Physicians Concerned with Encroachment of Corporate Interests into Medical Care Delivery

865 Merrick Avenue, Westbury, New York 11590-9007
Communications Division
Telephone: (516) 488-6100


For Immediate Release

Physicians Concerned with Encroachment of Corporate Interests into Medical Care Delivery

April 11, 2018, Westbury, NY—Saturday’s New York Times article regarding proposed health care mega-mergers such as CVS-Aetna and Walmart-Humana highlights concerns many physicians have with the significant encroachment of corporate interests into medical care delivery.

These concerns include:

  • Adverse impact to patient care that could result from the loss of physician-led medical homes.
  • Further reduction of patient choice of pharmacy, as it may become harder for pharmacies not affiliated with CVS or Walmart to be incorporated into these merged entities’ pharmaceutical networks.
  • Enabling PBMs to impose even more burdensome prior authorization hassles for physicians and their staff as a pre-condition for patients receiving needed prescription medications.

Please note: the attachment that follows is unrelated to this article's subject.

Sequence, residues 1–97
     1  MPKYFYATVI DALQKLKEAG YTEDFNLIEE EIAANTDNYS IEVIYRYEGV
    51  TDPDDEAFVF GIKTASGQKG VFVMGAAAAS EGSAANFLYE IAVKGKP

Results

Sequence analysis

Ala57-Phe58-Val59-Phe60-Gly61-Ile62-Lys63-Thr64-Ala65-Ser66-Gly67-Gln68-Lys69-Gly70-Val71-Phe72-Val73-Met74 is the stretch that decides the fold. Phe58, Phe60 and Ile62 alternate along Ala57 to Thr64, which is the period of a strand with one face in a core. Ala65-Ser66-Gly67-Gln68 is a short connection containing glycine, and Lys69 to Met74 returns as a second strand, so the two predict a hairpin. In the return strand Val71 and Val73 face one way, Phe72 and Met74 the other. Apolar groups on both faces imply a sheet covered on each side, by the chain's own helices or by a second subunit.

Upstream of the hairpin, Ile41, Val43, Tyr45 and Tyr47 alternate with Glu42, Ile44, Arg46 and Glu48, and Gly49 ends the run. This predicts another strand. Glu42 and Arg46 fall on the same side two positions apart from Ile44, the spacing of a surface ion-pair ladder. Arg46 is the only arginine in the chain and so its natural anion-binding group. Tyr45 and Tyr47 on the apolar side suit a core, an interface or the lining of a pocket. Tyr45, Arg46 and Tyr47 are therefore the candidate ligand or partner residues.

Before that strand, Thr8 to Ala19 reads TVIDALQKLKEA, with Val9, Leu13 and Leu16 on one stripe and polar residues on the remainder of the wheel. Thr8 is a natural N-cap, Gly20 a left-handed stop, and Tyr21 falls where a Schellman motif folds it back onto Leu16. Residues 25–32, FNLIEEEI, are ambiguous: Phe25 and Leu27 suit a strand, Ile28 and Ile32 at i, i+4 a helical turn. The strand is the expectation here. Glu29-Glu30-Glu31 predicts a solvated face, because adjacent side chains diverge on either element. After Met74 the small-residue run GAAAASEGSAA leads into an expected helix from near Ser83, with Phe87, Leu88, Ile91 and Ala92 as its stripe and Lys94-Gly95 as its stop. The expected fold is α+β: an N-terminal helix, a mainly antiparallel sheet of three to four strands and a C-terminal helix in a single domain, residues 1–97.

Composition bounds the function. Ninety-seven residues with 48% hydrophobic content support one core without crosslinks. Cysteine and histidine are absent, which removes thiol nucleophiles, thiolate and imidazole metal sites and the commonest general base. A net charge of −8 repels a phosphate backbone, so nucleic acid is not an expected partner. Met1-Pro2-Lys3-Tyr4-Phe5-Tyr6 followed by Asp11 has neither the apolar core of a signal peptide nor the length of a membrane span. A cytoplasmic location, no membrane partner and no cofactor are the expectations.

• These transactions could lead to a proliferation of so-called “retail clinics,” owned by an insurance company/retailer that could have great incentive to steer patients to these sites instead of a community based primary care practice that typically serves as a patient’s medical home.   This will result in the fragmentation of patient care instead of helping to better coordinate it.
  • Loss of physician advocacy for the best treatment for their patient, not the corporate bottom line.

“It is imperative that our state and federal investigatory agencies carefully review the impact of this cross-sector consolidation on patient care delivery and access before any such consolidation is permitted to move forward,” said Thomas Madejski, MD, president of the Medical Society of the State of New York.  “We also urge the enactment of measures that would enable independently practicing physicians to counter such consolidation by being permitted to come together to negotiate on behalf of their patients against these corporate behemoths.

“Our patients’ ability to continue to receive needed care from the physician of their choice depends upon it.”

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Founded in 1807, the Medical Society of the State of New York is the state’s principal non-profit professional organization for physicians, residents and medical students of all specialties. Its mission is to represent the interests of patients and physicians to assure quality healthcare services for all.

Media Contact:
Roseann Raia
Medical Society of the State of New York
516.488.6100 x 302